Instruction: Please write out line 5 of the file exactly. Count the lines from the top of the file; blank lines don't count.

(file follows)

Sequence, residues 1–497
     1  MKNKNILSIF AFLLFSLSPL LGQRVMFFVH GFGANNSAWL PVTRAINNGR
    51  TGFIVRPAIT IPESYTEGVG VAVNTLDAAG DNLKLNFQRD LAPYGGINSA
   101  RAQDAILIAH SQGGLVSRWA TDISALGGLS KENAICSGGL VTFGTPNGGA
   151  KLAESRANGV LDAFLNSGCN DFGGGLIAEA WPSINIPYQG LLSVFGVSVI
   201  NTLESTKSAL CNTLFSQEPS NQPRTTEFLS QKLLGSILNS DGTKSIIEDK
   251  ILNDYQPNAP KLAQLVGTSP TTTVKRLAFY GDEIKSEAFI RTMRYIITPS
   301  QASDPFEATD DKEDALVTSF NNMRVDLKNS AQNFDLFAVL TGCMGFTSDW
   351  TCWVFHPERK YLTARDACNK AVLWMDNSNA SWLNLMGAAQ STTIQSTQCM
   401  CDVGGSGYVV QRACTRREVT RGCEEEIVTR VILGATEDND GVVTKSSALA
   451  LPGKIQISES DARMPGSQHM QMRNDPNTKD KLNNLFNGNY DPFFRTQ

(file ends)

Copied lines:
   151  KLAESRANGV LDAFLNSGCN DFGGGLIAEA WPSINIPYQG LLSVFGVSVI